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The noble Baroness said: My Lords, noble Lords will recall that there was considerable debate in Committee over licensing authorities duties and whether and how we might reinforce them. There was also concern about the effects on access to justice of ABS firms, and what the licensing authorities should be obliged to do about it. I said then that the Government broadly agreed with noble Lords that improving access to justice was of course important.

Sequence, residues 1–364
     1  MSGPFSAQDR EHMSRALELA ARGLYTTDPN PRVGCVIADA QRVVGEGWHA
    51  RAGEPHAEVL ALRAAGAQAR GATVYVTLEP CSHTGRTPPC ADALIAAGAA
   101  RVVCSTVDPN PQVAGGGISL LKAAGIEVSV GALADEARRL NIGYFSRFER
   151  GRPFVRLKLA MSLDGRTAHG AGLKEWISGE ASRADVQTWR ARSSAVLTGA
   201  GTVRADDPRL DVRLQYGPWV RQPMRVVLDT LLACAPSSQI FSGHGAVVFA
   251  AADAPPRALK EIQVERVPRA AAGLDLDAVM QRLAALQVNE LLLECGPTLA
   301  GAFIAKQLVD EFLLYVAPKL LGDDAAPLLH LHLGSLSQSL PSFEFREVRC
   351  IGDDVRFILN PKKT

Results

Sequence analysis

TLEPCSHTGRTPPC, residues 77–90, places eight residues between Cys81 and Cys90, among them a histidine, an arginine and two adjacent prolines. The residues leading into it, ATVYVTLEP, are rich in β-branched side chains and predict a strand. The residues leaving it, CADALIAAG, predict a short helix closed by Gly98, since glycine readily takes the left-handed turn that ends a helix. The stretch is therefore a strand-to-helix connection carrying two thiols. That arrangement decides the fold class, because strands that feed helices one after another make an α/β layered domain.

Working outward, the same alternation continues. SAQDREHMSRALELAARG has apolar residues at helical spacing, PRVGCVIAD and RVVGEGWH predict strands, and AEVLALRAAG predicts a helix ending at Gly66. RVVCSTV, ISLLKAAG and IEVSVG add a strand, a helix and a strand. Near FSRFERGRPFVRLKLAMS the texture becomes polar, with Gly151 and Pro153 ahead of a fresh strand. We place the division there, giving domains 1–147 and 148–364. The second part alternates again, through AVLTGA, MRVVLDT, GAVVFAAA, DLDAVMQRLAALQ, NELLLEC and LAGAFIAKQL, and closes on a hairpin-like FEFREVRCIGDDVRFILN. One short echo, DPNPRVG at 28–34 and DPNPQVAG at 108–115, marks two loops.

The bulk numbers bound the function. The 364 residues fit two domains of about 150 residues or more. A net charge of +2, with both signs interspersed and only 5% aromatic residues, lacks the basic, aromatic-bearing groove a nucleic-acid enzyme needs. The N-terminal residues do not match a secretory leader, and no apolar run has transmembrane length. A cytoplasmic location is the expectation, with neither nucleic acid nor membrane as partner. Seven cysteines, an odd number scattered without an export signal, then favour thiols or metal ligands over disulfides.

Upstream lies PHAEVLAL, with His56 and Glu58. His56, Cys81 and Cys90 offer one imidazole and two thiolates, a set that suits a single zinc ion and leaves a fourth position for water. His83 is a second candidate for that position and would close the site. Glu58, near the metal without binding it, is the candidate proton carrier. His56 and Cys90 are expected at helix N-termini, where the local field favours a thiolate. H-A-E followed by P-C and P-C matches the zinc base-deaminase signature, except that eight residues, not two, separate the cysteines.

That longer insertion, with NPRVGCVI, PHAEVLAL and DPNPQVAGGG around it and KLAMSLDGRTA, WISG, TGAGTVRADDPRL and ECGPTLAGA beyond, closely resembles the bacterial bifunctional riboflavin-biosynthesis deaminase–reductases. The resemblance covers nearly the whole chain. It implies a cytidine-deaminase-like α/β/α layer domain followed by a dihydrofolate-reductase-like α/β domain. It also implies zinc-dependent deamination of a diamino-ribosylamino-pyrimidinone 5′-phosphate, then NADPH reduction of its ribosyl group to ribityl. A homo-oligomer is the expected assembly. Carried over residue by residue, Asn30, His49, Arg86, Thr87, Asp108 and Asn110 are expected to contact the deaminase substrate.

It is possible that some noble Lords believe that to impose a duty specifically about access to justice might be a more appropriate way to handle this, but we have sought to look at the interaction between access to justice and the other regulatory objectives in play. I make it clear that we do not wish to sideline access to justice issues. Licensing authorities will have to consider that interaction as part of their obligation, but we want them to do so in terms of and alongside its interaction with the other regulatory objectives; and to consider how they address it when considering applications for licences and special body modifications, the imposition of conditions and all other licensing functions. The fact that the duty does not single out access to justice means that authorities will have to consider the interaction of access to justice with other objectives, as I have indicated. The amendment also places policy statements, approval before their use and oversight of their use under the boards supervision. I beg to move.